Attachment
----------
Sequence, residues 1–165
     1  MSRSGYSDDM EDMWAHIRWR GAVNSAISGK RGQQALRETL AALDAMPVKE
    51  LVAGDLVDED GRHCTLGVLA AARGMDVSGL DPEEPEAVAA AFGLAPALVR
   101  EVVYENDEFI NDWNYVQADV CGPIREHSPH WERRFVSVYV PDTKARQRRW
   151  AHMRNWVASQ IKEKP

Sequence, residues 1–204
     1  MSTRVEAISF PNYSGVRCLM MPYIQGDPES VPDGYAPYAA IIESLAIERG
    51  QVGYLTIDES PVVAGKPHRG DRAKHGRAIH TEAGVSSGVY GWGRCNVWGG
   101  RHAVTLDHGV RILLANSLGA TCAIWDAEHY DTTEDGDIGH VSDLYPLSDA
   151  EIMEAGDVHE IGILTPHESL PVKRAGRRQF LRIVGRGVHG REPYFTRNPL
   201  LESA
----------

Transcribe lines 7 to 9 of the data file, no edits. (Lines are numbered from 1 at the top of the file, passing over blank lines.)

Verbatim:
     1  MSTRVEAISF PNYSGVRCLM MPYIQGDPES VPDGYAPYAA IIESLAIERG
    51  QVGYLTIDES PVVAGKPHRG DRAKHGRAIH TEAGVSSGVY GWGRCNVWGG
   101  RHAVTLDHGV RILLANSLGA TCAIWDAEHY DTTEDGDIGH VSDLYPLSDA